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A decade ago, the average American anticipated retiring at age 63. Now, Americans think they won't be able to retire until age 67, according to a recent Gallup survey.

A decade ago, the average American anticipated retiring at age 63. Now, Americans think they won't be able to retire until age 67, according to a recent Gallup survey.

The percentage of Americans who think their retirement will come after 65 is currently at 39, according to the survey. That's up from 12 percent in 1995 and 21 percent in 2002. Only 26 percent of nonretirees expect to be able to retire before they turn 65 and 27 percent expect to retire when they turn 65.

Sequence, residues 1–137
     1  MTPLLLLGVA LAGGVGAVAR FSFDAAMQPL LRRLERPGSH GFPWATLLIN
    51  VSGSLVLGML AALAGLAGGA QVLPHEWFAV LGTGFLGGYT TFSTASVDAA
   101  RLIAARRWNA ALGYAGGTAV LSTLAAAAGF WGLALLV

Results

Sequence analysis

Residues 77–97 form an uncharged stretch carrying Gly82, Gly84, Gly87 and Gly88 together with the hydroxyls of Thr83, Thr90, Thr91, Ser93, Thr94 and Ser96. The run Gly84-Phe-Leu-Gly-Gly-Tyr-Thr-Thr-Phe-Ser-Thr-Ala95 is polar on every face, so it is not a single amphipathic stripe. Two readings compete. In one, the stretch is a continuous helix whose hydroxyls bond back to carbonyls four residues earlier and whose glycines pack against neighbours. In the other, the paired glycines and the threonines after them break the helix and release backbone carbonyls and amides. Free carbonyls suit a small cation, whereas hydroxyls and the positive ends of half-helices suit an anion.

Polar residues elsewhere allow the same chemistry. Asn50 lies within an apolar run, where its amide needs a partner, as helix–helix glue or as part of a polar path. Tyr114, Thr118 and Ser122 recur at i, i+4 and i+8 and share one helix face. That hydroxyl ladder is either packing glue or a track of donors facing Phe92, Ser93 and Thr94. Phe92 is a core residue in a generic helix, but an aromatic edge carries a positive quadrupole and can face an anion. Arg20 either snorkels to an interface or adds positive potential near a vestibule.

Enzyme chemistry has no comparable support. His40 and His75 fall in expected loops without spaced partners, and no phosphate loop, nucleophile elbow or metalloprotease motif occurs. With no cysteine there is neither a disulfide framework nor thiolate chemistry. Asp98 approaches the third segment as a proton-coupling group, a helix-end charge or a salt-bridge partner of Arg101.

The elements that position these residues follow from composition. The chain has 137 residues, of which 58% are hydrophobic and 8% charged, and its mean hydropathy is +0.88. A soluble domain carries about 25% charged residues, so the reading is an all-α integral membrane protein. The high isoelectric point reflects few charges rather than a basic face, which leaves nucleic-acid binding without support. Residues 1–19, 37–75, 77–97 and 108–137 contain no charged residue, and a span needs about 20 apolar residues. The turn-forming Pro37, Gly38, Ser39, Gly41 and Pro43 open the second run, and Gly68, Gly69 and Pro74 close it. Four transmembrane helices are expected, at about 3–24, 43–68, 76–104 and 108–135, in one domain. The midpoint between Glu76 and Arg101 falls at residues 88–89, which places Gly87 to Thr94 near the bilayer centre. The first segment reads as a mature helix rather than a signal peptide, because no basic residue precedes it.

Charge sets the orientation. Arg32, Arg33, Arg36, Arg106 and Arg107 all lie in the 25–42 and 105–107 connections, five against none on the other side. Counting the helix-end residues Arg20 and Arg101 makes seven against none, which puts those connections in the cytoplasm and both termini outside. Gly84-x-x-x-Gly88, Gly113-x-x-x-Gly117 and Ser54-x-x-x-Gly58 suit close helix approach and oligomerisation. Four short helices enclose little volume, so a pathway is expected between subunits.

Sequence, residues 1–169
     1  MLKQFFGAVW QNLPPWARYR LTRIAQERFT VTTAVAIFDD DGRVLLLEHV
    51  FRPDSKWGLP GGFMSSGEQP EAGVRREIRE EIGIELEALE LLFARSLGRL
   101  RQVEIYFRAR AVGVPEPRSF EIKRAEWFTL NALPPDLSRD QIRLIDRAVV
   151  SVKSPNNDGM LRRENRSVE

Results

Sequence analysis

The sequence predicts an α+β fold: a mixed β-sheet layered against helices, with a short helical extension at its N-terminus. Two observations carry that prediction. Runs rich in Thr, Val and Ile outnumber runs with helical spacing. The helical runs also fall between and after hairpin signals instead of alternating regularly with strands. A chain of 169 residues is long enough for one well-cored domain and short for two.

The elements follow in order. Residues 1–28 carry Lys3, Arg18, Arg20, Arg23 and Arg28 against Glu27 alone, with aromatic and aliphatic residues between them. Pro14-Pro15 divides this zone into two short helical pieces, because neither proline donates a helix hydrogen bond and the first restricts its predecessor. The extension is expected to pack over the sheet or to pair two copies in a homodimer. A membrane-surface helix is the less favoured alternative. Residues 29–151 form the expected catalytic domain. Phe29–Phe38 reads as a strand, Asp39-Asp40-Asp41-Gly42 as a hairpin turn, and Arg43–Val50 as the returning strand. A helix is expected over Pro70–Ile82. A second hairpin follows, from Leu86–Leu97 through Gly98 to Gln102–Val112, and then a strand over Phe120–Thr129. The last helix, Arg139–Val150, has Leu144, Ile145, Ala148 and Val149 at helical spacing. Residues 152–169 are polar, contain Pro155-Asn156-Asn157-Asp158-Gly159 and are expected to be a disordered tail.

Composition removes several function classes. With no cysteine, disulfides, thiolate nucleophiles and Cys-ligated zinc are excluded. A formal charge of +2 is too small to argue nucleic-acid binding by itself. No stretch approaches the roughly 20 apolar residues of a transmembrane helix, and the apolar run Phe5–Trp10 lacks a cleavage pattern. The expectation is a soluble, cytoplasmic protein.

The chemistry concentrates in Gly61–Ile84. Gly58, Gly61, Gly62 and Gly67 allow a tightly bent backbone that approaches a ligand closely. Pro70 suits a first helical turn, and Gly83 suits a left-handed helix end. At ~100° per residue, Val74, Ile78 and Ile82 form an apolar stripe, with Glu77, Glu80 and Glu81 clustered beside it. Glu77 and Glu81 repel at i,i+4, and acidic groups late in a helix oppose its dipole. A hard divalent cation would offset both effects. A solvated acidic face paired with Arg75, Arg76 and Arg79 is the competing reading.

Americans are more than bleak about when they can retire. They believe it won't be comfortable, according to Gallup. Only 38 percent of the nonretired think they'll have enough money to comfortably retire, a new low. That's down from 42 percent in 2011. In 2002, 59 percent believed they could retire in comfort. The number has been under 50 percent since the Recession began.

The results are from Gallup's annual economy and personal finance survey, conducted from April 9-12.

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